Because anything you write can be seditious, can piss off someone at the top, or can hurt someone’s feelings, and may invite dozens of police reports against you.

Doesn’t it make it very difficult for us to work then, since our jobs as journalists are not to make people happy?


Not here to say 'I love you'


We’re not a happiness bakery or a smile production company.

We’re here to tell it as it is. I like what my chief editor Fathi Aris Omar said in his Facebook on Oct 3: “ Malaysiakini is a newspaper and not a love letter”, or else we’ll be writing, “I love you, Minister! Muah! Muah!”

These days I am often asked, “Am I afraid of being seditious again?” My reply, surely, is: “Absolutely not!”


In this country, one does not know where to draw the line. You are seditious, just as long as you offend the 'right' group. It does not really matter what you say.


The double standards in prosecution under the Sedition Act are aplenty. I need not regurgitate the examples.


Whatever the authorities or the powerful do to journalists, whether it is murder, jail time or questioning for hours, it is to stop us from doing our duty, to prevent us from being documenters of history, or participants in the democratic struggle of our nations.

When I chided a top politician (in my Facebook ) for sometimes treating us just like stenographers, many of my peers were angry with me.


Indeed, the truth hurts. But this is what we have become - as most of our daily work entails processing statements, rewriting stories, repeating remarks in a press conference when we are not allowed to ask questions - or, do not get answers when asking questions.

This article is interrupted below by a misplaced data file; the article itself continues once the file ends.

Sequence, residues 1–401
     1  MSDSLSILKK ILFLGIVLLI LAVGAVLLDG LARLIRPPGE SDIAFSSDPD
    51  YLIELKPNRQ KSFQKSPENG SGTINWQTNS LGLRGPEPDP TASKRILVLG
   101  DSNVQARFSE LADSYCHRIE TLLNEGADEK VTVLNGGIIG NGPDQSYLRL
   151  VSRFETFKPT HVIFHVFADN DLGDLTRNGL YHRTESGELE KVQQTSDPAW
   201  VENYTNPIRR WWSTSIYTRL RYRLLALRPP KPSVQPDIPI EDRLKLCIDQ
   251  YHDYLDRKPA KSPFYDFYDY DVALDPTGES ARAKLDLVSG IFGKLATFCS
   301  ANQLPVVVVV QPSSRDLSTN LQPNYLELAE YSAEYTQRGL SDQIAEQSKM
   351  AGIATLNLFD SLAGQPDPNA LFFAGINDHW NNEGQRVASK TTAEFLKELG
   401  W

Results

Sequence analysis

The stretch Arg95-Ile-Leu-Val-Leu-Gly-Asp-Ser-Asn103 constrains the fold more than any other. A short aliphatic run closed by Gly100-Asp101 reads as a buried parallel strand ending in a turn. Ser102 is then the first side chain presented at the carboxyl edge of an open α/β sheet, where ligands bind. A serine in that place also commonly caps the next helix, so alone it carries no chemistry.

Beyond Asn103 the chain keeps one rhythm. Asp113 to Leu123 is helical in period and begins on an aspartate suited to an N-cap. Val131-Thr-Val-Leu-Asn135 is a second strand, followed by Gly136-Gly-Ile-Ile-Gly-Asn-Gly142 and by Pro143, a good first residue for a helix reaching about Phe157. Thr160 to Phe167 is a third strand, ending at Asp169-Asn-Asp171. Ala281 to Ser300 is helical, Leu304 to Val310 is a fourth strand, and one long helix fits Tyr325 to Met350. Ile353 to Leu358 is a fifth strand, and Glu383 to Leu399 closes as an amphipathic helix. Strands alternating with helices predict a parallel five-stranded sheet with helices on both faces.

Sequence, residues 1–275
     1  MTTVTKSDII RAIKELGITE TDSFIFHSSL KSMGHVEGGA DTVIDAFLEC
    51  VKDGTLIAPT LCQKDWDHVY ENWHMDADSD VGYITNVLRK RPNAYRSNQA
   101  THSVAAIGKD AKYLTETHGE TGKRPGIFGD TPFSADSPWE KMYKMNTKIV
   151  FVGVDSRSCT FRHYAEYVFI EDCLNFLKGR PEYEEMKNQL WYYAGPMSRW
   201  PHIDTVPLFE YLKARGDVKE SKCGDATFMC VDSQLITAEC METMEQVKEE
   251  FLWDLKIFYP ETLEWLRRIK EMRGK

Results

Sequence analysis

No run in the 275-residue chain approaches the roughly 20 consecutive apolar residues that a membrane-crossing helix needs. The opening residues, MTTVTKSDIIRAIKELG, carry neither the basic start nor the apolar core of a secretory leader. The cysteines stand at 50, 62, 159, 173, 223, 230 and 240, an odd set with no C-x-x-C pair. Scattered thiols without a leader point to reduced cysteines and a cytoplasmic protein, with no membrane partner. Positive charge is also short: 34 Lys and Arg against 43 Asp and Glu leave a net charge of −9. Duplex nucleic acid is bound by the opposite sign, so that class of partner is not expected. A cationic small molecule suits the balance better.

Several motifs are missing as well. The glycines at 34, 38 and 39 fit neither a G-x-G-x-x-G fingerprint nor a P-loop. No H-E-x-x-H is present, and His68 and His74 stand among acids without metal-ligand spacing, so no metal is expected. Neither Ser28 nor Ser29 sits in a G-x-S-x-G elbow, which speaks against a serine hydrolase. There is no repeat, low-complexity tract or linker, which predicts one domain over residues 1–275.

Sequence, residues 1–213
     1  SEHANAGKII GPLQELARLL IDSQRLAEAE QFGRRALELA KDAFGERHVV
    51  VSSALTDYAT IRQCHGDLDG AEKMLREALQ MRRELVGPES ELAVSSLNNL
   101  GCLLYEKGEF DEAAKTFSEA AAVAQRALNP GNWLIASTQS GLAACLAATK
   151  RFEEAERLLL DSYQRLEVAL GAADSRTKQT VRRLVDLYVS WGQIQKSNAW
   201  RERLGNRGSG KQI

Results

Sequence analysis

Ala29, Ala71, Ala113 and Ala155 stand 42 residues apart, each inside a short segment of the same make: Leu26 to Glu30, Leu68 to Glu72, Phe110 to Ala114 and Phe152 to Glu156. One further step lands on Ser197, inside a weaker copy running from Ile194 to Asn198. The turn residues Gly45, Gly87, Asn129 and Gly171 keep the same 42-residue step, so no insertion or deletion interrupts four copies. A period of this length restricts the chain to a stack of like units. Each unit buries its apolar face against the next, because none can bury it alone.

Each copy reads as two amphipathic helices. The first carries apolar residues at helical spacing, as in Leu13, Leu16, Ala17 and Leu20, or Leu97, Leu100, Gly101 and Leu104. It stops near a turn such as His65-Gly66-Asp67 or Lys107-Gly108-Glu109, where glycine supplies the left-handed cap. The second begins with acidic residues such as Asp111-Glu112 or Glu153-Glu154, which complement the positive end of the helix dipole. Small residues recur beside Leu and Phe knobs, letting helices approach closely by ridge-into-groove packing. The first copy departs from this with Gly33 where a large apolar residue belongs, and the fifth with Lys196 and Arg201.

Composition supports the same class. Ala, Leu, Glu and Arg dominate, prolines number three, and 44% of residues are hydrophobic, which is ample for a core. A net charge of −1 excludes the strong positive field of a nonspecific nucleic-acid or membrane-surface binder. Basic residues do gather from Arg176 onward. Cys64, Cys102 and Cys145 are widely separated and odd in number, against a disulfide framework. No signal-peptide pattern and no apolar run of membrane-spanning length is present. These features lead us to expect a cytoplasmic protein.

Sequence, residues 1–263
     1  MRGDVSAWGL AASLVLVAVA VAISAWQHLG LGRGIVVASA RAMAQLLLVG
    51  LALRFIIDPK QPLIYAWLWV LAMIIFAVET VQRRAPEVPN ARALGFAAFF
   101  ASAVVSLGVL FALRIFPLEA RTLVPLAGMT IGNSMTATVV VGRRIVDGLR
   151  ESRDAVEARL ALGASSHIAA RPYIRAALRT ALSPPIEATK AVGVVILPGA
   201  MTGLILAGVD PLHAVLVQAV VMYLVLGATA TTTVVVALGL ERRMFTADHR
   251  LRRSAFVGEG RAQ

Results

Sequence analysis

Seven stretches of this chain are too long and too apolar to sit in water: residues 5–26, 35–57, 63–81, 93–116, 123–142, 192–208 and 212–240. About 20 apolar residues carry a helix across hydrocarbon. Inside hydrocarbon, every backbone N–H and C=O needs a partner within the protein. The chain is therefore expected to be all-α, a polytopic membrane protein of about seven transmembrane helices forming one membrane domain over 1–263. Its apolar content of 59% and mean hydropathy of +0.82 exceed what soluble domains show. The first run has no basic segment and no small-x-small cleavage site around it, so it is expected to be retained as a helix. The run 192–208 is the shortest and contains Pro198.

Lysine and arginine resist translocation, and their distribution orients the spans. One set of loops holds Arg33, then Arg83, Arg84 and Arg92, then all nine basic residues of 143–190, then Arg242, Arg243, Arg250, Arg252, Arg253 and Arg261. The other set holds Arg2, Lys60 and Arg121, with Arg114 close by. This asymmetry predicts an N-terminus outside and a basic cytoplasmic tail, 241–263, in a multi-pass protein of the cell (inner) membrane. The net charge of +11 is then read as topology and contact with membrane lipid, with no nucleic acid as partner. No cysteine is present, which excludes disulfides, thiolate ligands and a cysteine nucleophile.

Detention has united us

We have to fight this sad state of affairs. We must be united in this, not just accept our fates or become the stenographers that politicians love us to be.


When the police acted on me, I was touched to see how the world responded in support of me, in support of Malaysiakini and free and independent media.


Journalists organisations from New York and France, from Bangkok to Indonesia condemned the police action.


In Penang, my peers from the Penang Chinese Journalists and Photographers Association submitted a memorandum to the chief of police to ask that no further action be taken against me.


In Kuala Lumpur, the National Union of Journalists issued a statement asking the police to apologise to me. Bravo!


And my comrades in the newly formed Institute of Journalists (IOJ) sent a petition of 200 over signatures to the Prime Minister’s Department asking that charges against me be dropped.

Lawyers came together to speak to journalists about how they can protect themselves against Sedition charges.


For all these, I am thankful.

Indeed every cloud has a silver lining. My detention, though brief, has put our profession and our struggles once again in the limelight.


The world is again reminded about how journalists become victims in the power struggle between politicians and journalists who do not toe the line.


We also become victims of those who are being victimised by their paymasters, the police for example, who have no choice but to kow tow to the government of the day.

Not enough jails


As Phee, my partner in crime, said "The police too, are victims of circumstances”.


Be rest assured that when you get in trouble, our comrades will fight and speak up for us, and we must do the same for one another.


Be not afraid, although everyday we feel the noose of dictatorship tighten around us. Carry on, speak and write the truth, confidently, no matter how difficult, no matter how "seditious".


If all of us are seditious, when all of us are brave, how many more jails will they build to keep us in? To borrow a line from Victor Hugo, how many prisons does it take to stop an idea whose time has come?

This is an edited version of Malaysiakini journalist SUSAN LOONE's speech at the Southeast Asian Press Alliance (Seapa) regional conference on media and the Internet, in Kuala Lumpur yesterday evening.